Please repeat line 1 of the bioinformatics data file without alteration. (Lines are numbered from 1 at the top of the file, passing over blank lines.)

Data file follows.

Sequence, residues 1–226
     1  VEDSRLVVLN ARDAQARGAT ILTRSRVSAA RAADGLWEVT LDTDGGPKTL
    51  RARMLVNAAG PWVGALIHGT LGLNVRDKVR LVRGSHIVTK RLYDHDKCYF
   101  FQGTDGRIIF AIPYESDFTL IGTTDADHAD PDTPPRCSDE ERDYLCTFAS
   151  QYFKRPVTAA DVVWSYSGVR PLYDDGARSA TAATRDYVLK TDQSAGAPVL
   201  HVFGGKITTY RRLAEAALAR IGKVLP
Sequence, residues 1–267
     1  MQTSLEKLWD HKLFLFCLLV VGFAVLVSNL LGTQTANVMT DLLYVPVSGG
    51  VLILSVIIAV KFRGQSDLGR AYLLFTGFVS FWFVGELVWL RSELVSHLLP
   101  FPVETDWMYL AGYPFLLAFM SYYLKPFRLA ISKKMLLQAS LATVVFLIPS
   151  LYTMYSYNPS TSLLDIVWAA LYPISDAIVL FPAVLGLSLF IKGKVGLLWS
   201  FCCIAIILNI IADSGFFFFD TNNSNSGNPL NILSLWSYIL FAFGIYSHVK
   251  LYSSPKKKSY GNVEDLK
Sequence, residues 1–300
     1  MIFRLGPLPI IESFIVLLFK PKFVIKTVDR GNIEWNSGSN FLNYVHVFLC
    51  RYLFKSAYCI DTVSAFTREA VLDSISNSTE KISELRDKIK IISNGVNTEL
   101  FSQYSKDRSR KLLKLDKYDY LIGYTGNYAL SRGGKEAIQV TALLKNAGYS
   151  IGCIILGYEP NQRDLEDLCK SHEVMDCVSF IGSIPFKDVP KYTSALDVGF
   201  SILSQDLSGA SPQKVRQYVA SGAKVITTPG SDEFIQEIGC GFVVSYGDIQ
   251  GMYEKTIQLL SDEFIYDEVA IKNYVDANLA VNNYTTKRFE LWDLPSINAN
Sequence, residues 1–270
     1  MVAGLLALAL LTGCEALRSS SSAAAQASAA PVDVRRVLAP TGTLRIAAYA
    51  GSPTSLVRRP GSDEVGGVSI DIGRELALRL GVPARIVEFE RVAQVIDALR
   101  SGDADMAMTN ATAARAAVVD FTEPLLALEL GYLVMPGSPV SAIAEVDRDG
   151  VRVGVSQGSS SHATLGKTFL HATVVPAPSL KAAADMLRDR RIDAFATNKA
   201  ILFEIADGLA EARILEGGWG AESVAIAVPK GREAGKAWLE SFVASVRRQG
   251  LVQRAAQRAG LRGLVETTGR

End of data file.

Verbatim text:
Sequence, residues 1–226